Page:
Thursday, 10 May 2018

The Woman in the Woods, by John Connolly.

          The body of a young woman is found in the Maine woods after a seemingly healthy tree toppled over and revealed her remains buried beneath.  From medical examination of the corpse it is known that the woman had died in childbirth, but there is no sign of the baby:  could the child have survived?  The local police have many questions, especially as the young woman seems to have been reverently laid to rest some considerable time ago;  she was not the victim of foul play.  But where is the child?
            The child, five year old Daniel, lives not far from where his mother’s body has been found, and starts receiving disturbing calls from a scary voice on his toy telephone:  it wants him to join her in the woods because she is his mommy and she wants to see him.  And so his nightmares begin but – as always – Mr Connolly’s legions of fans await with breathless anticipation the arrival of Private Detective Charlie Parker, that Dark Prince of Justice in this world and the next, (and hired by a local lawyer)  to unravel the mystery.
            He has many helpers along the way;  his cold-blooded-killer friends Angel and Louis for starters, though in this adventure Angel is battling cancer and his partner Louis cannot contemplate life without him – so he blows up a fancy pickup truck belonging to a local white supremacist (Louis is black) and, while it made him feel better temporarily it causes huge trouble for Charlie with the police he is meant to be assisting – not that they can prove anything, but still.  He is supposed to be on the Side of Right, not consorting with people who blow up Confederate flag-decorated pickup trucks.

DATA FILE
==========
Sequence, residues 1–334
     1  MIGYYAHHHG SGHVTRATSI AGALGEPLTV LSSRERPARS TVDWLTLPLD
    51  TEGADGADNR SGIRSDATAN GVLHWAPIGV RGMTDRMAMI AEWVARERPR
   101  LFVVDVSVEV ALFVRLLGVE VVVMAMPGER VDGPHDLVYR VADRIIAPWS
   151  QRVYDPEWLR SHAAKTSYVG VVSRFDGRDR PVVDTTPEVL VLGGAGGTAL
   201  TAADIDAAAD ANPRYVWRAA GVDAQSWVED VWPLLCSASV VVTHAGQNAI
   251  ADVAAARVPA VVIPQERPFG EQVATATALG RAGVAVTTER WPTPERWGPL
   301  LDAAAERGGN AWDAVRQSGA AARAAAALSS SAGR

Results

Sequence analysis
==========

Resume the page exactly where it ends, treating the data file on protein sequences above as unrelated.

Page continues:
Charlie’s life is complicated more when distressing links are made with several killings in other States, seemingly random until his investigations reveal that the victims were sadistically murdered because they were part of a network helping young women and children leave violent relationships, hiding them and passing them on to the next safe house at the right time.  It is now clear where the Woman in the Woods came from, but who was pursuing her, and what did she have that they wanted so badly they would leave a trail of bodies behind them to get it?
            As always, John Connolly steers the reader unerringly through a plot complicated this time by a cast of thousands – or so it seems;  in fact there are so many minor players in this story that I backtracked in confusion several times, having forgotten who was who in relation to what etc. but hey!  That could also mean that I shouldn’t be reading so late at night;  my concentration becomes unreliable.  Never mind.  He is still a high quality writer and I look forward as always to the next unforgettable Charlie Parker thriller.  FOUR STARS

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